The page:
Expertly adapted by Arthur Hopcraft, Irvin's Tinker Tailor Soldier Spy is directed quite leisurely, allowing greater and by all means due attention to the actors and the script. You get lost in the long, intricate patterns of conversing, tracking the unique psychologies and philosophies of each spy, including Smiley. But compared to Alfredson's sharp, exquisite imagery, it's a bland, if convincingly realistic, vision. There's also the matter of homosexuality and the influence of the Americans, both of which are tempered down largely into momentary insinuations in Hopcraft's script, thoroughly and likely purposefully eradicating nearly all traces of personal lives in the film's principal characters, save the matter of Smiley's wife and his most flamboyant colleague, Bill Haydon (Ian Richardson).
The overall atmosphere here is more languorous and becalmed; there's no sense that the actions being performed are truly urgent and hold the fate of innumerable lives in the balance. But the long, verbally hefty scenes, almost entirely unaccompanied by music, add a sincere and impressive air of believability to the proceedings. In fact, the length and tediousness allows the mole hunt to essentially work as a microcosm of the Cold War. Whether or not this argument has a stitch of weight, the film correctly identifies the propensity people have to manipulate, betray, and lead astray as the terrifying fact at the heart of the campaign against the Bolsheviks, both here and abroad.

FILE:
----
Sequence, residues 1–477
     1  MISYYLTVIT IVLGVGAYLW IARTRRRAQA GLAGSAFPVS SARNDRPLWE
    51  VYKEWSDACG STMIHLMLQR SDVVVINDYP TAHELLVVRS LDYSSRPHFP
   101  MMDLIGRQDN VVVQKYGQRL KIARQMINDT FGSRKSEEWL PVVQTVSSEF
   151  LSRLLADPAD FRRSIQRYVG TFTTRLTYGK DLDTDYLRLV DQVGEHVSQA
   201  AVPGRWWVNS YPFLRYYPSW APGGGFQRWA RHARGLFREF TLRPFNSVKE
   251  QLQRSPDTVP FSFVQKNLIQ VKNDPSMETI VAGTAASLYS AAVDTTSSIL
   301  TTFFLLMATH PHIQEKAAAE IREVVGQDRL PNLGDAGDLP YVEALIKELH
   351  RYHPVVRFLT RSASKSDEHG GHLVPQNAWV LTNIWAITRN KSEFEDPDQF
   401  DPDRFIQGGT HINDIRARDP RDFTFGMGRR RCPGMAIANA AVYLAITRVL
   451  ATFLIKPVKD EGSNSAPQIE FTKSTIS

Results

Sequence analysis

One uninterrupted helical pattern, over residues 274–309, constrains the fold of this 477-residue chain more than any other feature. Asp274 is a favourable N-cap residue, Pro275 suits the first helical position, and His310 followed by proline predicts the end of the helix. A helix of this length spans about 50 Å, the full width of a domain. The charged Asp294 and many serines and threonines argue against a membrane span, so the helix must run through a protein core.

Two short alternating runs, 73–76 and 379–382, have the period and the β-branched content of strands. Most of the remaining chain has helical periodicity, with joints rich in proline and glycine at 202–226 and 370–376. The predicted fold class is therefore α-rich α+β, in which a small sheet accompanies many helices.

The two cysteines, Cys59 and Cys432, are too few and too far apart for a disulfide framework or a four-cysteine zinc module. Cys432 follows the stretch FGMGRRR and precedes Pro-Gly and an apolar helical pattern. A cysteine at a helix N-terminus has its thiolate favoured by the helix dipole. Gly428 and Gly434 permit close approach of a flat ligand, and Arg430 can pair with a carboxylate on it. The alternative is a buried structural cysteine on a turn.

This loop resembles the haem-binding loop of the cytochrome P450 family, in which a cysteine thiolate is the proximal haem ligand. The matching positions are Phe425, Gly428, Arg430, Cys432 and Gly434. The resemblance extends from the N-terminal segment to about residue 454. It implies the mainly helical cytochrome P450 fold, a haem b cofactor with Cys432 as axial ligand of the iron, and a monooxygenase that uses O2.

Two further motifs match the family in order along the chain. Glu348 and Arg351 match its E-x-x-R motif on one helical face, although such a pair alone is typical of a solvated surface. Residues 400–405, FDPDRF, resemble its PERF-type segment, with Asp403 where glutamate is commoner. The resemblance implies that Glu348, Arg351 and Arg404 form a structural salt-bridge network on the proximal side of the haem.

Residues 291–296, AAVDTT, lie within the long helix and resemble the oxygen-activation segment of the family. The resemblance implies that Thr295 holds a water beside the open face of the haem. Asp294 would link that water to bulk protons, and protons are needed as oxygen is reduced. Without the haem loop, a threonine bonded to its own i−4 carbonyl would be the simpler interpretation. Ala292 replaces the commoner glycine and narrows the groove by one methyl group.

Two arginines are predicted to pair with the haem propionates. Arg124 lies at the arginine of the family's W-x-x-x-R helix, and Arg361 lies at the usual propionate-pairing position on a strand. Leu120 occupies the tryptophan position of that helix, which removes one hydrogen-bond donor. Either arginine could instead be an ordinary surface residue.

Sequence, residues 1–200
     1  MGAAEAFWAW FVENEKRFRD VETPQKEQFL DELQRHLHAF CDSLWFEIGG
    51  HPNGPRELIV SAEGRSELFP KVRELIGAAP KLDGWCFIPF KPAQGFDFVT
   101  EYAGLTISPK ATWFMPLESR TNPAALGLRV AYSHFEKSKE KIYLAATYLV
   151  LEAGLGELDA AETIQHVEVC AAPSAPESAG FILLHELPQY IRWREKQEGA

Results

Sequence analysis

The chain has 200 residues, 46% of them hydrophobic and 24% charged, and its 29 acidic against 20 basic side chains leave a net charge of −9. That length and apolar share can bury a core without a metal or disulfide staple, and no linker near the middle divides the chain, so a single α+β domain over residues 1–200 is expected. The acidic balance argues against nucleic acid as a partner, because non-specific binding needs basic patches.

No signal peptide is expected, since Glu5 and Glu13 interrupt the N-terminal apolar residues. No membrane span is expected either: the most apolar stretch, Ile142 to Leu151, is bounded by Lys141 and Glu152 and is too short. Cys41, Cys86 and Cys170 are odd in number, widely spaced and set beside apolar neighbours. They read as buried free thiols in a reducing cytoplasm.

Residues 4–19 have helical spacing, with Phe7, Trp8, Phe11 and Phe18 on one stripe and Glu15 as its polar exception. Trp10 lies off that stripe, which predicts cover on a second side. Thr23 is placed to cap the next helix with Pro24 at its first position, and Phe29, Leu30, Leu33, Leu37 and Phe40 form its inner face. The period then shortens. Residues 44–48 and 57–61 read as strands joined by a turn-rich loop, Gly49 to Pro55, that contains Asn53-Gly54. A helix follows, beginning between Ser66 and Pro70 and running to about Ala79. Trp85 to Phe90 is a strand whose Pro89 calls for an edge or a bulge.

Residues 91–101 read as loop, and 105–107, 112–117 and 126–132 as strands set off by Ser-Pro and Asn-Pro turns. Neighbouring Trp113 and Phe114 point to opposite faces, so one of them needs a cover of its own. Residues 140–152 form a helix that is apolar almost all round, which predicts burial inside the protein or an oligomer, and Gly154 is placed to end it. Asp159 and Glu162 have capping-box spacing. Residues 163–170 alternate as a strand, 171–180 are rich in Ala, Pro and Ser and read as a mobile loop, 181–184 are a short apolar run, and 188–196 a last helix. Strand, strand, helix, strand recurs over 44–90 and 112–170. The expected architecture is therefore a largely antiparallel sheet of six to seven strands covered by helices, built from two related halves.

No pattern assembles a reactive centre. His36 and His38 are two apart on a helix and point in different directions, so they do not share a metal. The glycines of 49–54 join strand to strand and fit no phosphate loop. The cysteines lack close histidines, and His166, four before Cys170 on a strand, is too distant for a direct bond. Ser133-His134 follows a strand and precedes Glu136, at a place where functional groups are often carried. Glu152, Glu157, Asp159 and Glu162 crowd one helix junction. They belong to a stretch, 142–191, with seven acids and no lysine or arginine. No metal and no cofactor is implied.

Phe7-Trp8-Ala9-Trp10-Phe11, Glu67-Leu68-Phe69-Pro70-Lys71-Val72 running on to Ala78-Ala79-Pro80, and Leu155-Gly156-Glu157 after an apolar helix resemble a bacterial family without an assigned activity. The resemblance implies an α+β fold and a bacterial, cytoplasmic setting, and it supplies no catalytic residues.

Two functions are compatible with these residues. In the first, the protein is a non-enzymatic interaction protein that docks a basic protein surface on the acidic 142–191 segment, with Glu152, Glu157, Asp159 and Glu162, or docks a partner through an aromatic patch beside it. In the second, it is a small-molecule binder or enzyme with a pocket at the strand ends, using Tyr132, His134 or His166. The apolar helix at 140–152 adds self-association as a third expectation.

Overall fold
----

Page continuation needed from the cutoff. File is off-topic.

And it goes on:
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Acorn Media's 1080p transfer of Tinker Tailor Soldier Spy is more watchable than the original VHS transfer of the miniseries, but that's about where the praise must stop. There's almost nothing notable about the video transfer other than it allows you to see the series. Clarity is passable but far from crisp; colors look muddled and ill defined; texture and detail are mediocre at best; black levels are immensely disappointing. There are also print scratches all over the place, showing a generally lazy restoration. The audio is marginally better than it was on the DVD. The dialogue is clear but not always as out front and pronounced as you would hope. The score and sound effects register as balanced, but there's a severe lack of sound detail overall. It essentially feels like watching a VHS copy with slightly better sound treatment.
It makes complete sense that the major extras on this disc are two video interviews with the two major figures of this adaptation. John Irvin's video interview is engaging and very informative about the chaotic production, which was apparently hemmed in by the BBC due to production costs. Irvin is an interesting subject, but the video interview with John le Carre is notably more fascinating in terms of the very nature of the adaptation. He goes into detail about why screenwriter Arthur Hopcraft didn't let him get too involved and why that was the best thing, and why he decided to write the miniseries's sequel, Smiley's People. The deleted scenes are almost entirely disposable, but the glossary of British spy terms and the production notes are appreciated. A character list and a short biography of le Carre are also included.
A hugely literary spy epic, BBC's Tinker Tailor Soldier Spy deserves a better transfer than Acorn Media has afforded it, even if it isn't as visually rousing as the recent remake.